It would seem that an 'author' composer requires an existent reputation and a musical voice that can rise above the film and the creative personality of the other filmmakers. There are many composers whose work does stand out - Morricone, Nyman, Vangelis and Thomas Newman, for instance - and the uniqueness of their styles serves as a stamp of authorship. Similarly, the prominence of music within a film and the creative freedom extended to a composer can also appear as a sign of authorship: more leeway allowing the composer to craft a score that is more personal and which speaks their mind rather than simply echoing the director's.

Dario Marianelli and Joe WrightDario Marianelli and Joe Wright

The crucial question is whether it requires a long-term collaboration to reach this ideal. It is a fact of life that people generally do not choose to work with those with whom they have a poor relationship, for a good relationship maximises creative potential and compatibility. Elmer Bernstein identifies Scorsese as his favourite collaborator simply because: 'He has respect for other artists'[11]. That said, although a long-term relationship presupposes a good relationship, a good relationship does not necessarily have to be long-term - as mentioned earlier, Alexander Nevsky was the first collaboration between Prokofiev and Eisenstein. Additionally, Williams has always been given considerable space by Spielberg, and Dario Marianelli was involved relatively early on his first collaboration with Joe Wright (Pride and Prejudice) so that his ideas could be incorporated into the script and was ultimately given free-rein on several scenes.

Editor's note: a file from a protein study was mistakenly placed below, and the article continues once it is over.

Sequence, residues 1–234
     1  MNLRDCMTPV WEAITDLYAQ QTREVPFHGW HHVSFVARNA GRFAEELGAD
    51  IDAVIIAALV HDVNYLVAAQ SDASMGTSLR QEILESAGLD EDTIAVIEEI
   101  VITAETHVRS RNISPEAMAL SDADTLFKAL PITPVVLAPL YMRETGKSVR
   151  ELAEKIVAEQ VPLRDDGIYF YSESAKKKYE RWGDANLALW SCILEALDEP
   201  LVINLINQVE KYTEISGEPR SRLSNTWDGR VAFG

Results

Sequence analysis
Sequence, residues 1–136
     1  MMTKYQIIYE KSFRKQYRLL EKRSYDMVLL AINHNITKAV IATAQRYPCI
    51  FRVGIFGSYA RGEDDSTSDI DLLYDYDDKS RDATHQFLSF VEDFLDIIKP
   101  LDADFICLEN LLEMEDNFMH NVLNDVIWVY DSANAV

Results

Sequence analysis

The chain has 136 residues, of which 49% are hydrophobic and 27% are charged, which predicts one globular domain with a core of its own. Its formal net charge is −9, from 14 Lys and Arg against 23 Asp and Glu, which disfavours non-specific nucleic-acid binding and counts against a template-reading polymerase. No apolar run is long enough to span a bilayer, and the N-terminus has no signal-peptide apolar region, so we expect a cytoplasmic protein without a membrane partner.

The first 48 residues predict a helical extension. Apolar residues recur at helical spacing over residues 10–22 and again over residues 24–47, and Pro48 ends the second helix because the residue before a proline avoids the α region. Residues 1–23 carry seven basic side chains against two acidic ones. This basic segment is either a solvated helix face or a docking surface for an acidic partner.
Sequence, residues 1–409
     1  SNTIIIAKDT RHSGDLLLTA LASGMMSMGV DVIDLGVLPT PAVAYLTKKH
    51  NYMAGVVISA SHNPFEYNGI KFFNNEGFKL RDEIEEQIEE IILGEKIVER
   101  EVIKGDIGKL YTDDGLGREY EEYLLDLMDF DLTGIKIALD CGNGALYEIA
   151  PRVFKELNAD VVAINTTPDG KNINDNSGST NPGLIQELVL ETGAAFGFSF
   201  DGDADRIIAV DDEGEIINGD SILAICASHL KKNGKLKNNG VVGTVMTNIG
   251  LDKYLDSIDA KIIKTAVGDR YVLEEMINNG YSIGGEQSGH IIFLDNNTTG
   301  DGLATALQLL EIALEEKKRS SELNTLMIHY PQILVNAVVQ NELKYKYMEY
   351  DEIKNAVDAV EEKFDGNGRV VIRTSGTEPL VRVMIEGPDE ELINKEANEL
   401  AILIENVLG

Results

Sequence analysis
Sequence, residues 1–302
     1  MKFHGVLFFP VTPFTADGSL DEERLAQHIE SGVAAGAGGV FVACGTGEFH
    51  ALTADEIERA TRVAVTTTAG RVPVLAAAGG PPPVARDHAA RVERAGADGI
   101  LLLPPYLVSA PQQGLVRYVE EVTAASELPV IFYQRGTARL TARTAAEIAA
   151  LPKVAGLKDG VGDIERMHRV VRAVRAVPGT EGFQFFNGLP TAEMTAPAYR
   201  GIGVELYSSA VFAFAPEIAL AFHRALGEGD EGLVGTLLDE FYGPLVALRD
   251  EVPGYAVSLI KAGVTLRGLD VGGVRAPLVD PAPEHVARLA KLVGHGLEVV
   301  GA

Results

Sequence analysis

There can be a certain comfort in working with someone with whom you already have an established means of communication. Teddy Castellucci points out: 'a great relationship with a filmmaker seems to be very productive, because it allows the composer to free up the "what ifs"'[12] and Maurice Jarre remarks: 'after you've worked with a director, you can talk a lot more easily.'[13] Working with the same composer can allow a director to forego the use of a temp track and a continuing friendship makes it easier for the composer to be involved earlier in the production, thereby maximising the possibility of matching the director's wishes and allowing for a more holistic incorporation of the music and a more integrated and organic film.